The usual bonus is +2 to the skill total. However, if you want, you can also express the bonus gives as two shifts of additional effect after the roll succeeds, if that makes more sense. Remember, higher shifts on a roll allows your action to be more effective in certain ways.
You can also use this to establish any effect worth two shifts as an additional benefit of succeeding at the skill roll. This might be Fair (+2) passive opposition, the equivalent of a 2-point hit, a mild consequence, or an advantage that takes Fair (+2) opposition to remove.
Here ar some examples of adding a bonus to an action:
- Arcane Expert. Gain a +2 bonus to create an advantage using Lore, whenever the situation has specifically to do with the supernatural or occult.
- Lead in the Air You really like emptying clips. Any time you’re using a fully automatic weapon and you succeed at a Shooting attack, you automatically create a Fair (+2) opposition against sprint actions in that zone until your next turn, because of all the lead in the air.
- Child of the Court. Gain a +2 bonus to any attempt to overcome obstacles with Rapport, when you’re at an aristocratic function, such as a royal ball.
Creating a Rules Exception
Finally, a stunt can allow a skill to make a single exception, in a narrow circumstance, for any other game rule that doesn’t precisely fit into the category of an action. The Challenges, Contests, and Conflicts chapter is full of different little rules about the circumstances under which a skill can be used and what happens when you use them. Stunts can break those, allowing your character to stretch the boundaries of the possible.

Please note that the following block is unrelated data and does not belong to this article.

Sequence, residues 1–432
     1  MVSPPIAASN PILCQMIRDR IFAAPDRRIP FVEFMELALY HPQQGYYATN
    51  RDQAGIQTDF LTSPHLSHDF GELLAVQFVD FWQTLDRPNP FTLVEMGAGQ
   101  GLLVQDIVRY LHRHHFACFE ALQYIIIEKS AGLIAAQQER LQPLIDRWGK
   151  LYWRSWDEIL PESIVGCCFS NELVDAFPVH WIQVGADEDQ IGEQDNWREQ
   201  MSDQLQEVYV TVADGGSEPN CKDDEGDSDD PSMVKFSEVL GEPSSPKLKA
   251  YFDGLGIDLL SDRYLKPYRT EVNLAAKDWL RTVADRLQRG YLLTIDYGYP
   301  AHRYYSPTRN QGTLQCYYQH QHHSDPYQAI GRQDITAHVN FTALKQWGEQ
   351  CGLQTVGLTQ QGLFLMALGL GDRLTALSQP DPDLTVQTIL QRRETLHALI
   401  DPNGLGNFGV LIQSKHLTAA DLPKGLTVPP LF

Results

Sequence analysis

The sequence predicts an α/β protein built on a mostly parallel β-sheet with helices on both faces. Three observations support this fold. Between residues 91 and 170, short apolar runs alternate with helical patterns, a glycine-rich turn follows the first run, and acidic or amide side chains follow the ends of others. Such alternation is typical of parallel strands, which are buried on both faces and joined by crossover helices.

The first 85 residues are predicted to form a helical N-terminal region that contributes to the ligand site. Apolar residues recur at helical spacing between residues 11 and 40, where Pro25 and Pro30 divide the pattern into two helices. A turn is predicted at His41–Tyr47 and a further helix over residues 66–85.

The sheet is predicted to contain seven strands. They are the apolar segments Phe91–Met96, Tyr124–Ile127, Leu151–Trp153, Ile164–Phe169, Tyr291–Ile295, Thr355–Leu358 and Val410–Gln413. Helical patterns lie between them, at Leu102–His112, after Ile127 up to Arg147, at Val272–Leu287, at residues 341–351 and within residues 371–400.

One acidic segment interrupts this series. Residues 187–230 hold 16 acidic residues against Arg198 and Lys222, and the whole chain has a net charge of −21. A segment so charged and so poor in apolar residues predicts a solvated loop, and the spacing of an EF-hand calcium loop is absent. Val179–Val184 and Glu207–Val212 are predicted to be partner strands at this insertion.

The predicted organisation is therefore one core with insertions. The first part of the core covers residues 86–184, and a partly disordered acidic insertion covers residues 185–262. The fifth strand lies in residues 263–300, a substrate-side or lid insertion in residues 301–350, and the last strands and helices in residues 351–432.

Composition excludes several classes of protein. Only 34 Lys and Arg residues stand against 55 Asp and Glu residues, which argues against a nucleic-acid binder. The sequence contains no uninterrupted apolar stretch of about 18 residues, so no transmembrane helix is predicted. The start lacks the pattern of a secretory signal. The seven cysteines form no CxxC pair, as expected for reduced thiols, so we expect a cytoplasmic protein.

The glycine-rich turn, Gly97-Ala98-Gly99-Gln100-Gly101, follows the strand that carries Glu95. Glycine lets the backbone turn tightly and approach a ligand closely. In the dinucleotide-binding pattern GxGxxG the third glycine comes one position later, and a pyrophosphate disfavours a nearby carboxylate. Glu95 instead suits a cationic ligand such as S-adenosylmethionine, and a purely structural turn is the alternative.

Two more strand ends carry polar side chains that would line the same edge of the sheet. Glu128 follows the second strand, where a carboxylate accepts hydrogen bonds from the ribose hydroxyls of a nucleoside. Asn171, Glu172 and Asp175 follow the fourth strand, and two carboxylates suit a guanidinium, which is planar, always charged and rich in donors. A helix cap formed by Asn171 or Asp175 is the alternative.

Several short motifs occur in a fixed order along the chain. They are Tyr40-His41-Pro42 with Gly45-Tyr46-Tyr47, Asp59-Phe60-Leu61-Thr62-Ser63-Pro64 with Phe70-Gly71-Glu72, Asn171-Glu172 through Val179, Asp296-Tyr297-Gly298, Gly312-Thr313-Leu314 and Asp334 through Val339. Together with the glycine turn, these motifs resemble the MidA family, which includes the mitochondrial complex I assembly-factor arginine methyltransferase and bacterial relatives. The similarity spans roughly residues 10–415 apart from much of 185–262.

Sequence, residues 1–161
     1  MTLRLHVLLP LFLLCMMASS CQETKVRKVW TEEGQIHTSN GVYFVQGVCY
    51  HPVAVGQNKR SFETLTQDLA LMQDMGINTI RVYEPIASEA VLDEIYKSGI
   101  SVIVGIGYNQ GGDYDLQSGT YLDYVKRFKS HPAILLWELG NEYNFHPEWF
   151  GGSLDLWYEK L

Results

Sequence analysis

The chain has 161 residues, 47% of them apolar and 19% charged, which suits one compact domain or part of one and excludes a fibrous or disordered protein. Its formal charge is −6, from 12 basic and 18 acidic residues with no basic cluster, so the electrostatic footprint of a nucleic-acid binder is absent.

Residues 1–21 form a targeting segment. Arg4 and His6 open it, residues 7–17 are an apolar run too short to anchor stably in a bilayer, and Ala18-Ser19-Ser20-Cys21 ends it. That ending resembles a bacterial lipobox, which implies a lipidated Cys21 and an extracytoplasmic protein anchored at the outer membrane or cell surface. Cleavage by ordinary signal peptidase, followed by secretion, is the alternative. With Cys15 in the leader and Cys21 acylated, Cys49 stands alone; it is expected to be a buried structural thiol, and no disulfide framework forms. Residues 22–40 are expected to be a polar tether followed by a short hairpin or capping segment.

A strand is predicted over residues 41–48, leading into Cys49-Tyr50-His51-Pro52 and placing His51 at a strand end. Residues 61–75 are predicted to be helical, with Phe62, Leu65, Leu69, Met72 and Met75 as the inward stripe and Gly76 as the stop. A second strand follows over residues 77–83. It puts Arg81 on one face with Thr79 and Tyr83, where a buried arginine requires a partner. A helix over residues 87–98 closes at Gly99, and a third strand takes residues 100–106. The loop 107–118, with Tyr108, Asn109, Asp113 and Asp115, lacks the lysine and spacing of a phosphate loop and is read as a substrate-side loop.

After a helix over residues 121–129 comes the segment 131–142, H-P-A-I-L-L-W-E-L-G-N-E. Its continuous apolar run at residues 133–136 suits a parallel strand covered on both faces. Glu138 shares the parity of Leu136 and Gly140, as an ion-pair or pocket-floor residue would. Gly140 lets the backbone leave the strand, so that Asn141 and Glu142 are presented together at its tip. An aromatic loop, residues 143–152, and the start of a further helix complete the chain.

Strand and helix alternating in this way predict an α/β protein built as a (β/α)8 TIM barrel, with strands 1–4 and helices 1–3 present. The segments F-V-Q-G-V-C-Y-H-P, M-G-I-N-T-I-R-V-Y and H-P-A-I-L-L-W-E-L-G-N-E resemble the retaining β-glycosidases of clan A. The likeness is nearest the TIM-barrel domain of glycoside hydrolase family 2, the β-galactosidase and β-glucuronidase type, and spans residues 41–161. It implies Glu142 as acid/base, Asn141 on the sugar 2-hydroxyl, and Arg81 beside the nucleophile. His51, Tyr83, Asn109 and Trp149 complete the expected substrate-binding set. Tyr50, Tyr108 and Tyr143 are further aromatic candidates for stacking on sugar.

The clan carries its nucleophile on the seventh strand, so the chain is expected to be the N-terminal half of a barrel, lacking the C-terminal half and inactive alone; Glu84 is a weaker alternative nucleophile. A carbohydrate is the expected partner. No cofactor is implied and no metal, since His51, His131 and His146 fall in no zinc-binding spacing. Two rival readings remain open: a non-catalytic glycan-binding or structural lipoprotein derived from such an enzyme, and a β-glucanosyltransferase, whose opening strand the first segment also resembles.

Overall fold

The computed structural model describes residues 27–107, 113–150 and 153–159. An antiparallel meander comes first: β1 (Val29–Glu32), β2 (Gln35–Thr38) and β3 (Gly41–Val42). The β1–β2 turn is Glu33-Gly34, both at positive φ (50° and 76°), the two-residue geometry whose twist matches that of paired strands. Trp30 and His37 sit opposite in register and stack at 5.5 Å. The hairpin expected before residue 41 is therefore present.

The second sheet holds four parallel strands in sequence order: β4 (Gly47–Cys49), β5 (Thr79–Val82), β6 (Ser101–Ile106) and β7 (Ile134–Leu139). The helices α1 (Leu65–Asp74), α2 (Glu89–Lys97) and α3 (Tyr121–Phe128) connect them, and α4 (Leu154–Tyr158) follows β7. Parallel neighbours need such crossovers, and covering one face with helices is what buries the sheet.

The only limit to this is that a stunt can’t change any of the basic rules for aspects in terms of invoking, compelling, and the fate point econmy. Those always remain the same.
Here are some stunts that create rules exceptions:
- Ritualist. Use Lore in place of another skill during a challenge, allowing you to use Lore twice in the same challenge.
- Hogtie. When you use Crafts to create a Hogtied (or similar) advantage on someone, you can always actively oppose any overcome rolls to escape the hogtie, even if you’re not there. That’s how good your hogties are.
- Riposte. If you succeed with style on a Fighting defense, you can choose to inflict a 2-shift hit rather than take a boost.
Balancing Stunt Utility
If you look at most of the example stunts, you’ll notice that the circumstances under which you can use the stunt are pretty narrow compared to the base skills they modify. That’s the sweet spot you want to shoot for with your own stunts—you want them to be limited enough in scope that it feels special when you use them, but not so narrow that you never see them come up after you take them.
If the stunt effectively takes over one of the skill’s base actions, it’s not limited enough. You don’t want a stunt replacing the skill it modifies.
The two main ways to limit a stunt are by keeping its effects to a specific action or pair of actions (only creating an advantage or only attacks and defend rolls), or by limiting the situations in which you can use it (only when you’re among nobles, only when it deals with the supernatural, and so on).